By Bill Press
Tribune Media Services
It’s amazing what we can do with our iPhones: make calls, return emails, schedule meetings, file notes, take photos, keep grocery lists, get wake-up calls, time a five-minute egg, check the weather, listen to music, watch a movie, get directions, play games, invest in stock.
But you ain’t seen nothin’ yet. Now, with the iPhone, you can even save your soul! Yes, the Catholic Church is out with a new iPhone app to help you confess your sins.
For Catholics, confession has always been a scary ordeal. You rack your brain, trying to remember how many times you did how many things wrong. You go into this small, dark box, with somebody you don’t know and can’t see on the other side of a screen, and tell him your worst secrets. Only to walk out and remember all the things you forgot to tell him. Should I go back? Will I burn in hell? It’s humiliating. It’s torture.
But no longer. For just $1.99, Confession: A Roman Catholic App will take the guesswork out of it and simplify the penitential experience. The app will first help you prepare for the sacrament of confession by reminding you of the Ten Commandments and, depending on your age or station in life, by offering you a list of what sins you might have committed.
Under the Fourth Commandment, for example, children might be asked: “Did I keep my room clean and pick up my socks?” Or, as Maureen Dowd reports in the New York Times, a 15-year-old girl might look up the Sixth Commandment and face the question: “Do I not treat my body or other people’s bodies with purity and respect?”
Grown-ups under the Sixth Commandment get more serious treatment. Men and women both, as might be expected by the Catholic Church, are asked: “Have I been guilty of any homosexual activity?” While a 33-year-old married man is asked to check the box: “Have I been guilty of masturbation?” (What? Masturbation’s a sin?)
Unfortunately, the iPhone alone can’t wipe out your sins. The church insists you still have to see a priest for absolution (after all, can’t put too many priests out of work). But you can take your iPhone with you into the confessional, read off the list of sins you’ve prepared, type in the number of Hail Marys or Our Fathers the priest tells you to say for penance — and then, just in case you forgot the words, read the prayers right off the text conveniently provided in your iPhone app. Praise the Lord!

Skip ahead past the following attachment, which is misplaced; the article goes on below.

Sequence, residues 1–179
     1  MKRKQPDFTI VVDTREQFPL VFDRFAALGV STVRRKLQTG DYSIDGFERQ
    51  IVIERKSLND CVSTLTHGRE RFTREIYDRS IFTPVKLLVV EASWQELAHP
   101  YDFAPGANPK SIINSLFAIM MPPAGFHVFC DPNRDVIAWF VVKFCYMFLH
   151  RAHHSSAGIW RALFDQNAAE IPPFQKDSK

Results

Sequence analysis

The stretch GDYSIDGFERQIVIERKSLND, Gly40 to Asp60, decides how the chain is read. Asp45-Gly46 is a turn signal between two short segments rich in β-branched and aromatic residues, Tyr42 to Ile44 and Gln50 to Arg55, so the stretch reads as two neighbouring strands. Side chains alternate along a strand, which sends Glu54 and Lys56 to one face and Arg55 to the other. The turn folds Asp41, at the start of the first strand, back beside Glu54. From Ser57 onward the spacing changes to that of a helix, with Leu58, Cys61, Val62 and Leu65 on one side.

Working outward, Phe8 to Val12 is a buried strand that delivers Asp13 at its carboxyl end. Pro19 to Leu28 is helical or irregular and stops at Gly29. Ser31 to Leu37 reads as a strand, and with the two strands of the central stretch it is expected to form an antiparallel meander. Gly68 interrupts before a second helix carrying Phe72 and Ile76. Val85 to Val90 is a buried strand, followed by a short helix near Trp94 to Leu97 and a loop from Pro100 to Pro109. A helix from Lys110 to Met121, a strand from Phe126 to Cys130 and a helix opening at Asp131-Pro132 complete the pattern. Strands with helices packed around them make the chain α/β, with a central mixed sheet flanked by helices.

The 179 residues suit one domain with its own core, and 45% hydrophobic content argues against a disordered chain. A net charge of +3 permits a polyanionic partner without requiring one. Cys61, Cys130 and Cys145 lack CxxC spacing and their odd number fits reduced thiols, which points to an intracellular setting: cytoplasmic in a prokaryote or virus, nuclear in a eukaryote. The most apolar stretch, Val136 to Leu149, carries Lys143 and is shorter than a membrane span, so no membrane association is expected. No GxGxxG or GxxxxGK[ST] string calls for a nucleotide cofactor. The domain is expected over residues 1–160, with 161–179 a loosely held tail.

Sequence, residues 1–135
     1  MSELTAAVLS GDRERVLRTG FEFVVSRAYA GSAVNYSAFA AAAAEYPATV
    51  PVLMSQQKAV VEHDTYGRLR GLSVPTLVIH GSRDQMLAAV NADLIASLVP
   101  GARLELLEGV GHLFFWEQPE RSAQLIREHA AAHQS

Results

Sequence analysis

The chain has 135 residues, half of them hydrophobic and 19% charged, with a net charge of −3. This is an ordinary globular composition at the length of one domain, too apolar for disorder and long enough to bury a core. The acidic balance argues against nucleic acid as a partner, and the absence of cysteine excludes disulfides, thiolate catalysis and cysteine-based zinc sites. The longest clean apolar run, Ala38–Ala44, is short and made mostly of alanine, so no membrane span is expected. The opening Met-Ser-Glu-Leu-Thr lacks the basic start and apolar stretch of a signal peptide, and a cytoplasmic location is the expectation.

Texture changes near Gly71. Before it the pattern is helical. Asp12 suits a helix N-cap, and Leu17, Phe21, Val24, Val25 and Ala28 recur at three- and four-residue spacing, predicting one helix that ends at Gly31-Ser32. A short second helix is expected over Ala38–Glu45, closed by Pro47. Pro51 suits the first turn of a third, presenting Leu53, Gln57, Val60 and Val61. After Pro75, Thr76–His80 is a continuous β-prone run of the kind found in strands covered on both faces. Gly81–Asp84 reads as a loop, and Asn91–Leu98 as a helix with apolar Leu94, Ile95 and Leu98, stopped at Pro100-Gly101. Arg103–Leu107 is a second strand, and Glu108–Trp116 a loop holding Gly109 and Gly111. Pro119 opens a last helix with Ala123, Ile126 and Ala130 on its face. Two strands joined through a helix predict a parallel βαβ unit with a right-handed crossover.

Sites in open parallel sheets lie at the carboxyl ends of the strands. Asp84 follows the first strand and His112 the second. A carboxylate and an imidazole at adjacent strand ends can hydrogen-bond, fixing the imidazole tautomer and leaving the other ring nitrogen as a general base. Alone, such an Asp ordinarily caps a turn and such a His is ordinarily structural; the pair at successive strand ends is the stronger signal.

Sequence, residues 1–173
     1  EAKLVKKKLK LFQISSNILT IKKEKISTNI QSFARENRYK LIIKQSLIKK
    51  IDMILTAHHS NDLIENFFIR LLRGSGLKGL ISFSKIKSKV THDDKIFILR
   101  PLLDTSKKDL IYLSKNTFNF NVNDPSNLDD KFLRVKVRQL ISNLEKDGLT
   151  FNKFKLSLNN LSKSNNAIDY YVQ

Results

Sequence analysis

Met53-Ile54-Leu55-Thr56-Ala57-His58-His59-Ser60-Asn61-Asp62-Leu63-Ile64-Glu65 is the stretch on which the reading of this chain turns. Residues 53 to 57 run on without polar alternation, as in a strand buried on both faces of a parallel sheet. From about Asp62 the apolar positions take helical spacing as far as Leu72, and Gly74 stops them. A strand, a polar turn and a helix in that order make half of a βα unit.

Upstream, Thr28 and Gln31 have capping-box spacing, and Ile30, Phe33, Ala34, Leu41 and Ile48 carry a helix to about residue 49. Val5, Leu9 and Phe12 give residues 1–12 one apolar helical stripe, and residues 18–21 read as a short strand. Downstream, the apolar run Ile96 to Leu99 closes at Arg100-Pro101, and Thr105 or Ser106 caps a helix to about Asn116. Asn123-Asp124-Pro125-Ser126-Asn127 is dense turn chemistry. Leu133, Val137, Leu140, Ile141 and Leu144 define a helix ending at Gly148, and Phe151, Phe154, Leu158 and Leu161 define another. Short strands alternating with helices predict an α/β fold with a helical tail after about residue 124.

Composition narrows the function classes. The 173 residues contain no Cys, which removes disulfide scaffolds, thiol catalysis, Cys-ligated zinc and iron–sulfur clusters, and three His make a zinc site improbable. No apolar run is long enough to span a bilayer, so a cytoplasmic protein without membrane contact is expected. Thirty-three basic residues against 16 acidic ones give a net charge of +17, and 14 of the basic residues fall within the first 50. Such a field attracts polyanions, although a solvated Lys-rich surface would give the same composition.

And, don’t worry. You’re not committing a sacrilege by making a high-tech confession. The Confession App, developed by three young Catholic men from South Bend, Ind., has been given an imprimatur (the first ever for a mobile app) by Bishop Kevin Rhoades of the Diocese of Fort Wayne-South Bend. And it’s even received the official blessing of Pope Benedict XVI, who last spring encouraged Catholics to find new ways to connect their faith with today’s new technology.
This is just the first step, of course. Watch. It won’t be long before the need to visit the confessional itself disappears. As fast as Apple releases its next version of iPhone, you’ll be able simply to punch in your sins, send the priest an email, and get an email back with your penance. You can store your sins in your iPhone and compare your progress, or lack thereof, from month to month. You can even tweet them to your friends.
In fact, you can bet Pope Benedict’s cute little red shoes, somebody out there is working on another app right now to take the place of going to church at all. Why bother getting dressed up and leaving the house on Sunday morning when you can download the liturgy, sing along with the hymns, and even put money in the collection basket — at www.thesundaymass.org?
As a Catholic, and a former altar boy and seminarian, I must say it makes me proud to see the Catholic Church be the first to embrace the iPhone. But what still puzzles me is: How can the same church be so forward-thinking in one area — and yet so backward when it comes to celibacy and the ordination of women priests? If only the Catholic Church were as open about sexuality as it is about technology.
© 2011 Tribune Media Services, Inc.